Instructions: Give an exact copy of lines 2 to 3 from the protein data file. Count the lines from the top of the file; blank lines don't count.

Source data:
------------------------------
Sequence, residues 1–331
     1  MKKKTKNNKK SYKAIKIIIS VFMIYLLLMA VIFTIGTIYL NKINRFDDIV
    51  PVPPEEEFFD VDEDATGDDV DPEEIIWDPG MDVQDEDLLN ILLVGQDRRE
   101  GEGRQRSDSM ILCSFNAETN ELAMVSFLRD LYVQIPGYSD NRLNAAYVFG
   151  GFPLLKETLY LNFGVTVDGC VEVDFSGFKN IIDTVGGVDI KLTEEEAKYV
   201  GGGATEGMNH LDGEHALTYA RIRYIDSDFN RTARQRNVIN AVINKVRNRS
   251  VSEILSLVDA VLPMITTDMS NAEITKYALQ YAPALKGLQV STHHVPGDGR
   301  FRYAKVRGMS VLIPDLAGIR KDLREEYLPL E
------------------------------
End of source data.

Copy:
     1  MKKKTKNNKK SYKAIKIIIS VFMIYLLLMA VIFTIGTIYL NKINRFDDIV
    51  PVPPEEEFFD VDEDATGDDV DPEEIIWDPG MDVQDEDLLN ILLVGQDRRE